The man had not spoken in three or four years. An older man in the late stages of Alzheimer’s, he could no longer care for himself and required a high level of assistance in his daily activities of living. But on one particular day, Concetta Tomaino, DA, a certified music therapist, offered a different kind of dementia therapy-she sang an old Yiddish song to him and some of her other patients. “You could tell by his face that he was watching,” recalls Tomaino. From a man in his condition, attention was a lot to ask for. “Whenever I got a chance I played this song to him and sang to him. Within a month of doing this, he was making an attempt to speak, and he eventually started singing the song himself. He also started talking again. He continued talking and lived for many years after that.”
Just how the brain and body process music remains mysterious. Tomaino, director of the Institute for Music and Neurologic Function at Beth Abraham Family of Health Services in New York, says we at least know music is processed on many levels at once.
“Why it’s so positive is that we process music with almost every part of our brain,” she says. “Music that has personal significance to someone or is connected with historical events is a strong stimulus to engage responses in people, even in late stages of dementia. Even if they’re not necessarily able to tell you what the song is, they are able to be moved and feel the associations.”
Tomaino and other researchers have found a strong connection between the human brain’s auditory cortex and its limbic system, where emotions are processed. “This biological link makes it possible for sound to be processed almost immediately by the areas of the brain that are associated with long-term memory and the emotions,” she says.
The Institute for Music and Neurologic Function was founded on Tomaino’s observations, together with those of noted neurologist and colleague Dr. Oliver Sacks and others, that many people with neurological damage learned to move better, remember more, and even regain speech through listening to and playing music. In numerous clinical studies of older adults with Alzheimer’s and other forms of dementia, familiar and likable music, not medication, has reduced depression; lessened agitation increased sociability, movement, and cognitive ability; and decreased problem behaviors.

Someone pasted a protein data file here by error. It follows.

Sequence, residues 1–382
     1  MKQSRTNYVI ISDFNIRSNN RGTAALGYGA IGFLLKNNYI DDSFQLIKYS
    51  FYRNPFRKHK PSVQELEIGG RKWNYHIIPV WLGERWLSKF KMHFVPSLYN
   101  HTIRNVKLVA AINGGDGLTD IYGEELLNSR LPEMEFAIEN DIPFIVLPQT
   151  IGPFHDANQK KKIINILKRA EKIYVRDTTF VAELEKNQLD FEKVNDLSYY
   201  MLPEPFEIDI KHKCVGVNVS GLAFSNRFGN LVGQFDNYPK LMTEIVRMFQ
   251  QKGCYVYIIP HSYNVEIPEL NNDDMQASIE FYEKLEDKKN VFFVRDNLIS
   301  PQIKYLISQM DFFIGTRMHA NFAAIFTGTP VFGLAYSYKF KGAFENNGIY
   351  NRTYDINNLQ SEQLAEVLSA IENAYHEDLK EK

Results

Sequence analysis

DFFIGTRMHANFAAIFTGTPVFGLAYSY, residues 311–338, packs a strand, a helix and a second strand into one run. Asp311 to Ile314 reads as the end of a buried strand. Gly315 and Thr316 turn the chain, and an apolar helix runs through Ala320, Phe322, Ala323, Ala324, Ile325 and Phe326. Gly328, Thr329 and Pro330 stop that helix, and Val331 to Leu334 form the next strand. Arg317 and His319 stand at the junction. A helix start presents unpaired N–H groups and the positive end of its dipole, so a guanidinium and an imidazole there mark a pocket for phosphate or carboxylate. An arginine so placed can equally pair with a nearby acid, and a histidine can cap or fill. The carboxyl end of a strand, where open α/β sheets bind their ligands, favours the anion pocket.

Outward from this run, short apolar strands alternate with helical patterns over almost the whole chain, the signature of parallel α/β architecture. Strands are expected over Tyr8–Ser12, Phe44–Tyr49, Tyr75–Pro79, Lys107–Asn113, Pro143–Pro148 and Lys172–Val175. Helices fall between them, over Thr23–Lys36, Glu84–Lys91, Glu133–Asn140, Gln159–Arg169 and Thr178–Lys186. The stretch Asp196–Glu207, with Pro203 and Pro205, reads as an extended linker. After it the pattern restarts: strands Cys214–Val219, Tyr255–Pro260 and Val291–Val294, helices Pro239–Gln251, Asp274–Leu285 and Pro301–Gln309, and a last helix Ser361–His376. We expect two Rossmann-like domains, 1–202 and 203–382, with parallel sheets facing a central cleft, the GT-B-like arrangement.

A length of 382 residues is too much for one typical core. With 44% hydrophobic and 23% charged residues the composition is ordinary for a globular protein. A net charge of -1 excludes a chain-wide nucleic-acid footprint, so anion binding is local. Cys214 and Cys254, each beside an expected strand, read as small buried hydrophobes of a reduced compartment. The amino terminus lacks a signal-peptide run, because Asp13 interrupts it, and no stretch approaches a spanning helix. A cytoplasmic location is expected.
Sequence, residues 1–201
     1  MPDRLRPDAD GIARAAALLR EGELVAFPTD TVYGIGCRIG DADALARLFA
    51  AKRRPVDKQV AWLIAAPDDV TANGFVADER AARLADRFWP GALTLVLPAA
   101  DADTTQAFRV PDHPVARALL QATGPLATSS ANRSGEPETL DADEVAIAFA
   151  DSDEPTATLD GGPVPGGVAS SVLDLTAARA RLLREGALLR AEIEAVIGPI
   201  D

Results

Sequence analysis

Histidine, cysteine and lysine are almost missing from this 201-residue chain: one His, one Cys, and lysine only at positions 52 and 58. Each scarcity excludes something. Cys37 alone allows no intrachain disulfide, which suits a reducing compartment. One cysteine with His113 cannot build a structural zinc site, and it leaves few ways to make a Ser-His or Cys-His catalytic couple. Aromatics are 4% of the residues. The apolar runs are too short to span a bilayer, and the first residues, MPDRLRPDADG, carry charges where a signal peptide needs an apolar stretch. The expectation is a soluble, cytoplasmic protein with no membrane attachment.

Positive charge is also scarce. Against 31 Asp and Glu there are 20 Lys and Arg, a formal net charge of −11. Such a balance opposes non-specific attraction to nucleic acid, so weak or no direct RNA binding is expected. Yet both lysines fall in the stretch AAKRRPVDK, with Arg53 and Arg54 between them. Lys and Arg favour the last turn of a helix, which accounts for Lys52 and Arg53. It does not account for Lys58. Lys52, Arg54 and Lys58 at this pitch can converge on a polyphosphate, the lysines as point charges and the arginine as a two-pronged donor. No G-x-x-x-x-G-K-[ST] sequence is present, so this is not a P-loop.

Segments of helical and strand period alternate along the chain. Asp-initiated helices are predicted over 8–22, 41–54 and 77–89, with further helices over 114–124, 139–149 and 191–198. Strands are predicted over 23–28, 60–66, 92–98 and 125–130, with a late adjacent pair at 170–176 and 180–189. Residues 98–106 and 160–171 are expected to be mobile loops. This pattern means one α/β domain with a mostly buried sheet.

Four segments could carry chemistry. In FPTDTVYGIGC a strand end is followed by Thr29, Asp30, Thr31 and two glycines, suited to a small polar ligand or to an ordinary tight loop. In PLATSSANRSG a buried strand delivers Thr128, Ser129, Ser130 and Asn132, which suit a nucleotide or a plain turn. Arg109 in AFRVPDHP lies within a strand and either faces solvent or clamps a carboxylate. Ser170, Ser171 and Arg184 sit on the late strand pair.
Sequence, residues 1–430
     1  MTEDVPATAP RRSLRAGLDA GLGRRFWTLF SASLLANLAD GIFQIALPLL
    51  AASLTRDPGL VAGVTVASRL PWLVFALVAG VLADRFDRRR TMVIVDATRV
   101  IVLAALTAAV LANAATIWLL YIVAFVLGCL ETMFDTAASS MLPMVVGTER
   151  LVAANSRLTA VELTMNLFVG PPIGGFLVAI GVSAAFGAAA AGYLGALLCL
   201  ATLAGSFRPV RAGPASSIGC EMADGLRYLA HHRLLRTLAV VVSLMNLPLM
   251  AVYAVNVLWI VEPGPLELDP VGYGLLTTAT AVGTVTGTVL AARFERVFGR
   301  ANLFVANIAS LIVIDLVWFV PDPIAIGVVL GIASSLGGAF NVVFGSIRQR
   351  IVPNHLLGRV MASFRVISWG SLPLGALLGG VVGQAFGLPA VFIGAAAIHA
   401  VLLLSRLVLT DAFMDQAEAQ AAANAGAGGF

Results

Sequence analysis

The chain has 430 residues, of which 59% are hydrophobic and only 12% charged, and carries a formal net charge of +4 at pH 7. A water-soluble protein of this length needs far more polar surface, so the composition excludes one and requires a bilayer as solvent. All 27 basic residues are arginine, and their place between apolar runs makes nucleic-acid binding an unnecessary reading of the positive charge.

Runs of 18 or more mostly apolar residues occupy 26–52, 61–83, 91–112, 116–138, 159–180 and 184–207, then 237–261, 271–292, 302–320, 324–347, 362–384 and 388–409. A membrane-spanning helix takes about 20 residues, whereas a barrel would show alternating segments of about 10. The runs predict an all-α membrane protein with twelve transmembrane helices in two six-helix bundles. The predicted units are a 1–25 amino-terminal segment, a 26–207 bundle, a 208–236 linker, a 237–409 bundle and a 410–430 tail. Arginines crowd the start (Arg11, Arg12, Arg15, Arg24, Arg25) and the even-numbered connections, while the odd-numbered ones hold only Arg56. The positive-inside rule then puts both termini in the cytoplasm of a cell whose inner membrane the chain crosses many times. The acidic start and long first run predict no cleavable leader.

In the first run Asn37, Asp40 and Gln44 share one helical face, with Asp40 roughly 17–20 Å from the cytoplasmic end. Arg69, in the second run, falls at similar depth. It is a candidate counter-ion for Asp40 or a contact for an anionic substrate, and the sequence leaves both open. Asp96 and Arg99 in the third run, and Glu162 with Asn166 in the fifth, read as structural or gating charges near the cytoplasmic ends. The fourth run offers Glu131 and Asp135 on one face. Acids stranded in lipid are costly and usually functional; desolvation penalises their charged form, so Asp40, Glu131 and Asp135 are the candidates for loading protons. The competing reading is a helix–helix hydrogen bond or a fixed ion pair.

In a small 1986 study, only music elicited a physical response from those with final-stage Alzheimer’s as measured in heart rate, breathing, eye blinking, and mouth movement. A later study that used music in palliative care found the combination of language, which is processed by one part of the brain, and music, processed by many parts of the brain, increases the chance of activating neurological pathways that language alone cannot.
“There are certain areas of the brain that are still relatively intact even as a progressive disease like Alzheimer’s takes effect,” says Suzanne Hanser, PhD, department chair of music therapy at Berklee College of Music in Boston and former program director of San Francisco’s Alzheimer’s Association. “In particular, the limbic system. And specifically, the hippocampus, which retains long-term memory and has retained emotional impact. Music triggers these long-term memories. So we see people who have not spoken in years begin to sing songs that they knew in their early teens and early adulthood.”